The Most Abused Four-Letter Word – OpEd


Undeniably, the most abused four-letter word used by our public service officials in the press is the word “soon”. The intent of its usage is to convey the feel-good attitude of something good about to happen. But for those who have followed the news for over the years, this four-letter word seems to convey anything but action. Instead it takes the form of a subtle drug to dispel our concerns about some public service issue or the other.

A trek through the news journals of recent history will bear truth to much of what I have to say. For example, in the early 1990’s of the last century it was announced that the national airline, Saudia, would “soon” be privatized and services would improve. For some odd reason, the new century started with new sign of progress on the privatization issue until very recently. “Soon” here translated into something like almost 15 years!

During that period, there had also been countless promises of “soon” there would be a state of the art phone-in reservation center, and the latest in aircraft technology. Try calling the airline’s reservation facilities today and if someone answers you within the first 10 minutes, then consider yourself as one of the lucky ones.

Jeddah airport, a blot on the landscape for travelers in and out of the city for its dilapidated and outdated facilities would on many occasions draw the word “soon” from those who ran this facility. Invariably after a severe bout of lashing in the press about seasonal drawbacks over the years such as lack of air-conditioning or overcrowding or broken luggage conveyor belts to mention a few, the word “soon” would be part of the contents of a press release promising the residents of world-class facilities. This exercise has been going on just about as long as the airline’s promise to privatize and improve its services.

Also back in the 1990s an announcement from the Ministry of Social Services that all public buildings would have facilities for disabled people drew quiet applause. Ramps for wheelchairs, handrails and special toilet facilities would “soon” be introduced. There would be special parking areas reserved for the disabled, with special parking stickers for their vehicles.

Take a walk in most public service buildings today and let me know if you spot such amenities for the disabled. If you do, then I should continue no more.

In the early part of this new century, the Ministry of Transport announced plans that would “soon” ease traffic problems in the major cities such as Jeddah and Riyadh. Through the use of effective flyovers and a public transport and shuttle bus system, the crowding of our streets would “soon” be a thing of the past. Many flyovers have come about in the city of Jeddah since then. But have they solved the traffic problem? All I have to do is drive on Madinah Road to know how abused and grating to the ears that four-letter word has become.

Immediately following the Makkah school fire back in 2002 when tragically 15 schoolgirls died, there were also assurances by various civil departments that all schools would “soon” undergo a vigorous fire safety inspection and offending schools would be shut down. It is nearing the end of 2011 and it is only today that we are hearing of schools being shut down today for such offenses. Does it indeed take nine years to get something as vital to public welfare as this done?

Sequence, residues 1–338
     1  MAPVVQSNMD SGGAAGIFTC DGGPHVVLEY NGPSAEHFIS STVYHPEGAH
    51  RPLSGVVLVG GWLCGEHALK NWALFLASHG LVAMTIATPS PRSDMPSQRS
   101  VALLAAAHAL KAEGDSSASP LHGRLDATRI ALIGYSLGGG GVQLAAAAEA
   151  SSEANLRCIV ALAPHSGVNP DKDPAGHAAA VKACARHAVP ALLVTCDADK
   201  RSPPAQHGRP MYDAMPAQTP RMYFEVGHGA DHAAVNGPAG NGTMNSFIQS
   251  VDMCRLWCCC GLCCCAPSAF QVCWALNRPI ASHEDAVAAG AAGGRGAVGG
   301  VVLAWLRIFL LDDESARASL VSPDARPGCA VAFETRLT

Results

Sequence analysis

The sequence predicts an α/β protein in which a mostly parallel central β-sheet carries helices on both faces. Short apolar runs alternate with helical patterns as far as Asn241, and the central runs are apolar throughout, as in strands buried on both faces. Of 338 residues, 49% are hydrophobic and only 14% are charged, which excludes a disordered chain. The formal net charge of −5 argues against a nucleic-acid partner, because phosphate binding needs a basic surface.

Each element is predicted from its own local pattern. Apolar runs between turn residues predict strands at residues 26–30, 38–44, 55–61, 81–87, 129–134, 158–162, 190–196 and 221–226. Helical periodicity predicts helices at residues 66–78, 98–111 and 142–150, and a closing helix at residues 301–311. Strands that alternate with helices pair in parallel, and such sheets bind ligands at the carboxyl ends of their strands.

And remember those promises when we all would “soon” have proper house or building numbers along with proper street names and addresses? If my memory serves me right, those promises first emerged from robust city planners some thirty years ago. Can you post a letter to your friend’s home across the city today? Thank God for post office box numbers.

Perhaps the granddaddy of them in the use of the word “soon” by our public service officials are the multi-promises echoed by our Municipal leaders over the past forty years or so regarding the implementation of sewage and drain water systems in the city. Since the 1980s many a mayor or municipal leader had promised we would soon have a network of waste water systems that would ease all our troubles. Streets were dug up, drainage pipes were laid and yet the same streets keep getting dug up again, and the pipes removed and replaced. Somehow, Civil Engineering aptitude seems to have missed our municipal and road works officials, as most of the city still waits for the promised systems.

Over the years, there have been many other grandiose promises by our city officials promising of a better tomorrow “soon” and it would indeed take a much longer narrative to capture them all. Perhaps they expect the masses to be gullible or ignorant and would believe everything dished out to them. And “soon” this and “soon” that have somehow tempered down our expectations over the years. Maybe that has been the intent all along. Happy 2012!

Tariq A. Al-Maeena

Tariq A. Al Maeena is a Saudi socio-political commentator and was educated at the University of Denver. He lives in Jeddah, Saudi Arabia. He can be reached at [email protected]. Follow him on Twitter @talmaeena

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